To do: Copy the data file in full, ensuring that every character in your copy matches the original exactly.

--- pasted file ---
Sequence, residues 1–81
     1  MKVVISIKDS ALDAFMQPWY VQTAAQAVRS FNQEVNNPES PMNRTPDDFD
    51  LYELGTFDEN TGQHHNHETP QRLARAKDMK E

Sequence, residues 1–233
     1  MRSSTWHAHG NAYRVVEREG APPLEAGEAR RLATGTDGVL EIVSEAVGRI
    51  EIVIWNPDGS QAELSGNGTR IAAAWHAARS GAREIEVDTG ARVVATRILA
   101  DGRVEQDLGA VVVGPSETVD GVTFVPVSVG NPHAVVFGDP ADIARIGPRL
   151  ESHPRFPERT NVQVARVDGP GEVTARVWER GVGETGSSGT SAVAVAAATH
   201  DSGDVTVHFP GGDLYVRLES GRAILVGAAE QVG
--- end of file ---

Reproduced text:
Sequence, residues 1–81
     1  MKVVISIKDS ALDAFMQPWY VQTAAQAVRS FNQEVNNPES PMNRTPDDFD
    51  LYELGTFDEN TGQHHNHETP QRLARAKDMK E

Sequence, residues 1–233
     1  MRSSTWHAHG NAYRVVEREG APPLEAGEAR RLATGTDGVL EIVSEAVGRI
    51  EIVIWNPDGS QAELSGNGTR IAAAWHAARS GAREIEVDTG ARVVATRILA
   101  DGRVEQDLGA VVVGPSETVD GVTFVPVSVG NPHAVVFGDP ADIARIGPRL
   151  ESHPRFPERT NVQVARVDGP GEVTARVWER GVGETGSSGT SAVAVAAATH
   201  DSGDVTVHFP GGDLYVRLES GRAILVGAAE QVG